About the Book
This book is part of a series of Iranian Studies publications made possible by the Hamid and Christina Moghadam Program in Iranian Studies at Stanford University.
A remarkable woman who lived through extraordinary times, Houri Mostofi was born in Tehran, Iran, in 1919, descended on her mother’s side from Iranian royalty and on her father’s from a “God-fearing” family of scholars and government administrators. When she was twenty-two, Houri married Mohsen Moghadam, a young man from a merchant family who went on to become a successful businessman, often traveling abroad, while Houri dedicated herself to teaching, charitable public works, and running international women’s associations in Tehran. Together, they also raised three children, in whom Houri was keen to instill the same spirit of
industry and self-discipline she had learned from her own parents.
Houri was among the first women to go to university in Iran, working as a teacher for nearly forty years and diligently continuing with her own education in later life, including traveling to the U.S. as a Fulbright Scholar, and, after being forced into exile following the Islamic Revolution of 1979, studying for a PhD at the Sorbonne in Paris. From a privileged social class, with a glamorous, jet-setting lifestyle, Houri was a pioneer, nonetheless, and a feminist for her own time. Through her hard work and frequent acts of bravery—from standing up to sinister intruders to dogged persistence in the face of intransigent officialdom—she made sure that, as a woman, she was never overlooked, never invisible, even when hidden under a dark chador at the Revolutionary Court. It was women like Houri who were the precursors of the young women fighting for equal rights and justice in Iran today.
The resulting memoir tells the fascinating story of her life, with all its ups and downs, triumphs and tragedies, set against the backdrop of an impending revolution that would topple the world she and her family had always known and turn it upside down.
Privilege, along with innate gifts of intelligence and determination, shaped Houri Mostofi Moghadam in many ways, all vibrantly evident in Never Invisible. Drawn from her diaries, it documents the sweep of a long and eventful life as the world around her changed, sometimes for the better, sometimes bringing cruel setbacks. Houri was born into a lofty social stratum in Iran, a milieu of arranged marriages, overseas education for the young, financial comfort, and effective control of political power. Her father–described by her as “a learned man, hard-working, honest, and God-fearing”–was a prominent government official who served in a range of postings abroad and across Iran. Houri’s own exposure to another culture began when she entered a Franco-Persian kindergarten at the age of four. In later years, she would attend university (permitted for women only after reforms by Reza Shah in 1934), teach French and English in a top Iranian high school, spend time in America on a Fulbright grant, and run an important charitable organization with many international members. Always, however, the center of her life was her family–raising three children, running a large household, and supporting the career of her successful businessman husband.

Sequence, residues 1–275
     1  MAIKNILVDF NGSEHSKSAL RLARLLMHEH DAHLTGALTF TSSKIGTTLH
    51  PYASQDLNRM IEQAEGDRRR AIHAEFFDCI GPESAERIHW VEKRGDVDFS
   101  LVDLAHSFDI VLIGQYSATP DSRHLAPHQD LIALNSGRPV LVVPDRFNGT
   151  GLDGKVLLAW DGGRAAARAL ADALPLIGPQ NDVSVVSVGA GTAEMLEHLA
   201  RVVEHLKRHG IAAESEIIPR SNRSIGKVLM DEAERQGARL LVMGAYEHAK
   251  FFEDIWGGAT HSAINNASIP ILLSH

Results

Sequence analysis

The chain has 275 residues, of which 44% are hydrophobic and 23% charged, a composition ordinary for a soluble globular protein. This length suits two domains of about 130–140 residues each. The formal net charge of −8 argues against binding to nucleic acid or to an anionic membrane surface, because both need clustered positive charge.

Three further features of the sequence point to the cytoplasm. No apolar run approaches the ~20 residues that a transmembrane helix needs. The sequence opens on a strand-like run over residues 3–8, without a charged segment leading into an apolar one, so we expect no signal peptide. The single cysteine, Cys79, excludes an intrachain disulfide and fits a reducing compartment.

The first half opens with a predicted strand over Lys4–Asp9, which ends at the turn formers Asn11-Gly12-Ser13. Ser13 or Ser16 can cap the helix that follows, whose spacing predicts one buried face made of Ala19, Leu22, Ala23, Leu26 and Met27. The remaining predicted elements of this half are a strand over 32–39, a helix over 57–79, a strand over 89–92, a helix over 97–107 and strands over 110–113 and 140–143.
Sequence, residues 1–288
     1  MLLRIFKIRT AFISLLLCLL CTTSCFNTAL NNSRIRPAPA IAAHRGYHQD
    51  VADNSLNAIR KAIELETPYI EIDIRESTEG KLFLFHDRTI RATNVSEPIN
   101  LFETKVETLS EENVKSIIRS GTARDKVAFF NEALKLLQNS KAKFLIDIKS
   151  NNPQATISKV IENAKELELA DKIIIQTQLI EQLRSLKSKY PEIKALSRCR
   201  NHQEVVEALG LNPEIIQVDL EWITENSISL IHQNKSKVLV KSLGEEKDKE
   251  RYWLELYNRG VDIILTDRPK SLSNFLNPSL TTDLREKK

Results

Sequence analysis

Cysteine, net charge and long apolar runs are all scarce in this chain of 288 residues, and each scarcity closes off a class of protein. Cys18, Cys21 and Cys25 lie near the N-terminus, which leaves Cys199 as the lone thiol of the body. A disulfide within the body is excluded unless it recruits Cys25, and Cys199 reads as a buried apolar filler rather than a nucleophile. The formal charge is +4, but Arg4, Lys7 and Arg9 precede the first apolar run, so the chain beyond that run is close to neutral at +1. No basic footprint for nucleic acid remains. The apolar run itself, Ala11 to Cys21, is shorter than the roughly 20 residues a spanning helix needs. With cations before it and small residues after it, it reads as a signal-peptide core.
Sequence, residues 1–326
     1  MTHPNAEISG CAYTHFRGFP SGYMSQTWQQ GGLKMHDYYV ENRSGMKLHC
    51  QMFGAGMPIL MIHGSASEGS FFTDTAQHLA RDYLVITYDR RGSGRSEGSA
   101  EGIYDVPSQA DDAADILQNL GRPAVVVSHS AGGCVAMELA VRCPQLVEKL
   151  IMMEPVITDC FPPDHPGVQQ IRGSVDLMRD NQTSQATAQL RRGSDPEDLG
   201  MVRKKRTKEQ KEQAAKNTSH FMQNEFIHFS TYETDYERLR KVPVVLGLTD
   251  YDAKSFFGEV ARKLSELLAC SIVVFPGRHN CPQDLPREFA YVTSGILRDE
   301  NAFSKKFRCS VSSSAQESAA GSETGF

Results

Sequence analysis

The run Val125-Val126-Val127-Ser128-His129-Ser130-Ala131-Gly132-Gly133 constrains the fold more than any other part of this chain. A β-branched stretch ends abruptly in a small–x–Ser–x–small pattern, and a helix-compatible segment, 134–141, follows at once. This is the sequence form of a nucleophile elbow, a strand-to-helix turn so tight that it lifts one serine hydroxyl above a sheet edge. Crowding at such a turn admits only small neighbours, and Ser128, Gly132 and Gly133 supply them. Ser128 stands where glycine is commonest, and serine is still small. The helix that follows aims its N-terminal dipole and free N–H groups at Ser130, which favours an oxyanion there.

In mid-life, trouble arrived in many guises. Her marriage fell apart. She struggled with depression, moved abroad, bought an apartment in Paris, and, from a distance, watched in dismay as revolution broke out in Iran in 1978. In that upheaval, wrath and revenge was aimed chiefly at the upper class: One of her sisters and two uncles were imprisoned for a time. Houri did not return to Iran for 14 years. There, she found her house in ruins– “nothing left of the life we lived there.” Five more times she went back to seek some restitution, always in vain. But that was her way–a tireless fighter for what she saw as right, filling her life with activity and feeling, and brilliantly chronicling the flow of years in her diaries the whole while.
By Abbas Milani
Part One: Childhood and the Family, 1919–1942
Part Two: Marriage, Children, Travels, and Work, 1942–1978
Part Three: A Citizen of the World, 1978–1991
Part Four: Returning to Iran, 1992–1998
Afterword, By Mariam Safinia
Contents with Subheadings
About the Author